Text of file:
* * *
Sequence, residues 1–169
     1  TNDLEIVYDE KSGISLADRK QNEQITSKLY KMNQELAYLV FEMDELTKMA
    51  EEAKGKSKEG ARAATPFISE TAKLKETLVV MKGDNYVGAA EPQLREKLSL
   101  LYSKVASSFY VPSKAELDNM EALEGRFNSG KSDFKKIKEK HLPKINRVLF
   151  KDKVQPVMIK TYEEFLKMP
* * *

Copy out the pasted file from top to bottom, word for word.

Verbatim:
Sequence, residues 1–169
     1  TNDLEIVYDE KSGISLADRK QNEQITSKLY KMNQELAYLV FEMDELTKMA
    51  EEAKGKSKEG ARAATPFISE TAKLKETLVV MKGDNYVGAA EPQLREKLSL
   101  LYSKVASSFY VPSKAELDNM EALEGRFNSG KSDFKKIKEK HLPKINRVLF
   151  KDKVQPVMIK TYEEFLKMP